Guide to the indoor season: Mites and viruses lurking in the dark

Guide to the indoor season: Mites and viruses lurking in the dark

The mites rejoice in your pillowcase, the coffee and red wine slowly color your teeth yellow, and you go from one flu disease to the other. The indoor season is here for real with all its dangers and pitfalls - but here's the guide for getting fully skinned out of the darkness.

During a day, a person emits between one and a half grams of skin deposits - enough to feed thousands of mites during a year.


Winter’s cozy moments threaten your white smile – with the intake of coffee, cola and chocolate, yellowish-brown color changes, and substances that damage the enamel.

Fruits, wine and cola color your teeth yellow

On the Hollywood stars, they sparkle like polished ivory, but in the bathroom mirror, they are not always as chalk white.

Although the teeth naturally turn yellow with age, there is also a lot you can do to keep discolorations away.

In particular, it may be worthwhile to keep track of foods full of tannins, chromogens and acids.

Acid bath corrodes on the enamel

Already uneven enamel becomes even more scratched and uneven when acid from food and drink performs its corrosive work.

Both fruit and tartaric acid can force the teeth pH down to 5.5 so that the enamel begins to be corroded in a process called demineralization.

The acid bath leads to more irregularities and cracks in the tooth, so-called erosions, in which dyes from, for example, licorice, blueberry, and coffee more easily adhere to.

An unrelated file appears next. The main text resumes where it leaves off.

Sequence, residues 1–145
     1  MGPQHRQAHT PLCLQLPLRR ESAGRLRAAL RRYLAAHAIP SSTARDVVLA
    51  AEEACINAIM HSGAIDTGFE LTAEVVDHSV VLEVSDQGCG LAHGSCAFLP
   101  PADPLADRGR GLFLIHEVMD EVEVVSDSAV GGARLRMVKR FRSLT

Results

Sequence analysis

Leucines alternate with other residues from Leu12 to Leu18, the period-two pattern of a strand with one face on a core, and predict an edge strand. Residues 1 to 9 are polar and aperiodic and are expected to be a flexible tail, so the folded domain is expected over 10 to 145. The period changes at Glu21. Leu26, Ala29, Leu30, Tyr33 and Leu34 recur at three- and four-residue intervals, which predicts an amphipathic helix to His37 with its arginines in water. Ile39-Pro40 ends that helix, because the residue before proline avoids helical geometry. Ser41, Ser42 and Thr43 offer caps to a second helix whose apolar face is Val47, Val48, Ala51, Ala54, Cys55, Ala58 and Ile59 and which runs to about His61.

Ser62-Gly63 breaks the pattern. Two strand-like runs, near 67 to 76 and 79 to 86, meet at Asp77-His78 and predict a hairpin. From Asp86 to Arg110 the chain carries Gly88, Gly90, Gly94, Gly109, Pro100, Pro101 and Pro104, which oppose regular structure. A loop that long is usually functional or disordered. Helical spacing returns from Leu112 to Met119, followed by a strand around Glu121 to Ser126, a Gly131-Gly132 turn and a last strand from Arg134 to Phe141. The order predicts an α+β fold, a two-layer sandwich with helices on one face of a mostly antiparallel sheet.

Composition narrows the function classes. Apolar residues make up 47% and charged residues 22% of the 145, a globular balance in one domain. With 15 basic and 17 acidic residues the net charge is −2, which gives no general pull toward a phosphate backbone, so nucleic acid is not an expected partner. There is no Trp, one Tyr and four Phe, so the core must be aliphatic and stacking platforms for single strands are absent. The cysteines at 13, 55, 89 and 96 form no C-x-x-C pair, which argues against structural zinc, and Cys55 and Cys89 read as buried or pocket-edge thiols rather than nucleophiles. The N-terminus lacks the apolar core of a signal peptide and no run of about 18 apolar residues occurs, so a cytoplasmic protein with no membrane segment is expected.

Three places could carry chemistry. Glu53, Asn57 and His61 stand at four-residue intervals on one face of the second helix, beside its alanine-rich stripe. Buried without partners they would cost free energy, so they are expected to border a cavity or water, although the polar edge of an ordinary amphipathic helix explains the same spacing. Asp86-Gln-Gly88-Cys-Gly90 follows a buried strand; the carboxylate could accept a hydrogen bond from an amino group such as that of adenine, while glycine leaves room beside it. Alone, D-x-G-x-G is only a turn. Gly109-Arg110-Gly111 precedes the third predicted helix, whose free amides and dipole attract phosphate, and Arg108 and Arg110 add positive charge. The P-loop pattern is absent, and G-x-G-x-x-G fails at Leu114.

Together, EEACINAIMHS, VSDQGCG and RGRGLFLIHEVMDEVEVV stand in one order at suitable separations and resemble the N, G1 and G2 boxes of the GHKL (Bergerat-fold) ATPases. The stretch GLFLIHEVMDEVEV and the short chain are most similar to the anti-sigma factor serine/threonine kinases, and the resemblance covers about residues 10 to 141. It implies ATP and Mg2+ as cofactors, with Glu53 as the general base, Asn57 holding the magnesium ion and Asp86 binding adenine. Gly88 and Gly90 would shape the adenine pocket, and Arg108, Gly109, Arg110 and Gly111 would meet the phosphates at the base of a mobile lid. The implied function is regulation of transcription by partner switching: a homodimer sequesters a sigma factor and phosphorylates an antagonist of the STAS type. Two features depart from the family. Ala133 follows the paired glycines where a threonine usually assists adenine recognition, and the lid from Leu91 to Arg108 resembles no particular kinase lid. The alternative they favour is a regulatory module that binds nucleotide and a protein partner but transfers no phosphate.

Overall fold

How acid breaks down the enamel’s hard lime armor:


1. Protective coating encloses the tooth
The outermost layer of the tooth is clad with the hardest material of the body: the calcium mineral hydroxyapatite.


2. Acids come from food
For example, when you ingest fruit acid from a lemon, it comes into contact with the enamel.


3. The acid releases hydrogen
The fructic acid releases hydrogen ions as it reaches the mineral surface of the enamel.


4. Hydrogen reacts with the enamel
The hydrogen ions from the acid undergo a chemical reaction with the lime mineral hydroxyapatite.


5. The lime begins to dissolve
The lime is divided into free ions in a process called demineralization.


6. Cracks occur in the enamel surface
Hydrogen phosphate and calcium can now leave the enamel, which gets cracks and notches.

Colorful molecules are stuck to the tooth

The tooth's pattern and special proteins create a good breeding ground for yellow teeth.

Uneven rod pattern makes the tooth vulnerable

Enamel consists of a lime mineral that is densely compressed in small rods. The stave pattern is strong, but also uneven and therefore molecules with a high color content can easily stick to the tooth and discolor it.

Nicotine attracts colorful bacteria

The potent substance in tobacco smoke causes the enamel's outermost membrane to form so-called Y proteins, which make it effortless for bacteria to attach to the tooth. The bacteria form dyes that lead to discoloration.